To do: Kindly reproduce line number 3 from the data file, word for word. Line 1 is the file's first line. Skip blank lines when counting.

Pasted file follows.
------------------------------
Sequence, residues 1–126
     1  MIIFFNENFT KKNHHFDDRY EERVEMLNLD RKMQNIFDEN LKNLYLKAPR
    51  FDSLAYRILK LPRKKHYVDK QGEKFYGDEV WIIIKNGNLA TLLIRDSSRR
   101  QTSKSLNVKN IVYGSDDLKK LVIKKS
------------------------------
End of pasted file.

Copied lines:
    51  FDSLAYRILK LPRKKHYVDK QGEKFYGDEV WIIIKNGNLA TLLIRDSSRR